“Another way we showed teachers the value of the Aperture System was by explaining it was more than just an assessment tool, it included strategies tailored to grade levels aligned within the CASEL framework [which we follow]. And that teachers could go in at their leisure to explore the strategies provided through the platform. Letting educators know they had resources to support them once they identified students in need was an important part of our rollout.”
Once educators had assessed students, Lyndsey and her colleagues were able to use the data in the Aperture System to inform decision making.
“We looked at the Aperture 8 competencies to see how students were measuring in each area. If we saw a trend in the data that a competency [had a need for instruction], we flagged it as an area where we needed to provide additional supports to develop that skill,” said Lyndsey.
Lyndsey explained educators also went back to look at the roots of the questions students were showing [a need for instruction in] to understand what they should be teaching in lessons and activities.
She also encourages others who are planning their implementation rollout to define what they are hoping to see from the data they gather over time and doing the screening semi-regularly in order to monitor students’ progress toward those goals.
“We were looking at growth in competencies which helped guide our timeline. We did the DESSA-mini screener in the fall, winter, and spring as checkpoints.”
Proof, Progress, and Planning
Those checkpoints led to ongoing support of students through school-based supports and conversations with parents. “We established datapoints in areas that were not assessed or measured previously. After various rating periods we could see the validity of teachers’ answers using the data tool to measure student progress in SEL,” said Lyndsey.
She shared that being able to comment on benchmarks with real data points that were already generated through the Aperture System revolutionized student support advocacy.
“Having data at the student and school level helped us when we were talking with parents who may have pushed back saying their child was fine. Many families in our district didn’t want to acknowledge certain problems or admit what they were seeing. Being able to reference a particular competency score that [showed a need for instruction] or that kept coming up made it easier to guide conversations about how to best meet the needs of their child[ren],” said Lyndsey.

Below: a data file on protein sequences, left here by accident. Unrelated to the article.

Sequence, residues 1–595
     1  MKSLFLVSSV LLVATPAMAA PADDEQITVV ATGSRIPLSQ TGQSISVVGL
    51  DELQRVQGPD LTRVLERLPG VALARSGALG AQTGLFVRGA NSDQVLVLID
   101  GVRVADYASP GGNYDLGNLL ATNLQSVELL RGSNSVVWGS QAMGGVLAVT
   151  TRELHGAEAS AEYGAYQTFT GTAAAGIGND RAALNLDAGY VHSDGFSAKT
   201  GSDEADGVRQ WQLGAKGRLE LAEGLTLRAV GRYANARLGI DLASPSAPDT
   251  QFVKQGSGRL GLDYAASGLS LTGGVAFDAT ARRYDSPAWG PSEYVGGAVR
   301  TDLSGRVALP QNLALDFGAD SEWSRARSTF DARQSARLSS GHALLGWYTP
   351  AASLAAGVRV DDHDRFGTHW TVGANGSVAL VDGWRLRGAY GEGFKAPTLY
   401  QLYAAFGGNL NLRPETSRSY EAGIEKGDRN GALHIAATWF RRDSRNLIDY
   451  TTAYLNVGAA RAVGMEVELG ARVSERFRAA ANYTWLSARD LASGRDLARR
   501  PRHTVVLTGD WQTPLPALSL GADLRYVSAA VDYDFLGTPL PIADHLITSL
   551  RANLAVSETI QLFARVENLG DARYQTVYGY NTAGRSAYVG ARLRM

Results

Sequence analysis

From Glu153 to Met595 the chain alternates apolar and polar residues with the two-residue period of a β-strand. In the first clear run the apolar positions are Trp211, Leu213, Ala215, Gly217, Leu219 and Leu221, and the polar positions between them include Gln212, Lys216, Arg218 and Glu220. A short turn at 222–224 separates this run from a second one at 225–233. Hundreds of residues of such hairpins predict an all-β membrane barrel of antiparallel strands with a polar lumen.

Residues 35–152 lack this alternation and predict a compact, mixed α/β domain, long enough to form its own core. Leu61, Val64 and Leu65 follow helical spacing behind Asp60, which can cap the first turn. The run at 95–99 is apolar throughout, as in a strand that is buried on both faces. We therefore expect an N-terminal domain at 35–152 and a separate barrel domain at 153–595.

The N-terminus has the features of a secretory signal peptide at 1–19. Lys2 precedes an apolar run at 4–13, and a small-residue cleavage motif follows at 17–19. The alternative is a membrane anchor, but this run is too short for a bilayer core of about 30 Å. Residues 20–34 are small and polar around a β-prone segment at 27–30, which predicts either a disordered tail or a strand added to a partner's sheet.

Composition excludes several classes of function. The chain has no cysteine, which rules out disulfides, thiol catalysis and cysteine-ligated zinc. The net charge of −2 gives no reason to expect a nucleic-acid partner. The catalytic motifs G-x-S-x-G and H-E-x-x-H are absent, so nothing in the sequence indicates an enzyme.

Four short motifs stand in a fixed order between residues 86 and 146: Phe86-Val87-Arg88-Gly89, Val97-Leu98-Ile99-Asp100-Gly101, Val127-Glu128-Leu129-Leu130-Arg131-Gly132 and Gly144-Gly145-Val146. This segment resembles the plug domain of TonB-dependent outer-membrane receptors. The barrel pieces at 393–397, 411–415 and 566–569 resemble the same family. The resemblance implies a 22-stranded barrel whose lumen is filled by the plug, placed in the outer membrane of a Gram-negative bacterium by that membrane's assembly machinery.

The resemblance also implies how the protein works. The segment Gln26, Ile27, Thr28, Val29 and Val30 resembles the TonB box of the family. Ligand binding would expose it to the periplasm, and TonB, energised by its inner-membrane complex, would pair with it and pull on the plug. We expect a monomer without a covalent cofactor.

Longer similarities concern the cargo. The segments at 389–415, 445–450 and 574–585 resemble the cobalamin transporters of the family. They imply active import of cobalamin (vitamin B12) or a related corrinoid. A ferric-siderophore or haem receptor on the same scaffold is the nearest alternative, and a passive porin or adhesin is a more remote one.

Data was also easily integrated into Lowell’s pre-existing multi-tiered system of support (MTSS) structure.
“A lot of the work I do is figuring out how to use the data once we have it,” said Lyndsey. “It was easily integrated into weekly admin meetings, staff consultations, common planning time, 504 referral processes, and individualized education program meetings. It assessed the whole child and helped us initiate conversations around kids not being successful if we weren’t looking at other variables outside of academics as well.”
Informing the Future
Lyndsey said mapping her implementation plan out in full has helped the Lowell School District inform interventions at all levels.
“From Tier 1-Tier 3 there’s a DESSA strategy available we can use. I’m looking forward to gathering more data on students as we continue to use Aperture. With so many variables, like switching between in-person, virtual, and hybrid learning, I am interested in continuing to look at the data reports.”
Going forward, Lyndsey said she is also excited to continue to improve the district’s opportunities to support SEL.
“We’ll be asking ourselves if we have intervention blocks in our schedule and tutors to do pull out groups [based upon DESSA scores] among other additional supports. I want to focus on competencies that aren’t making progress and how we can continue to support those students,” said Lyndsey.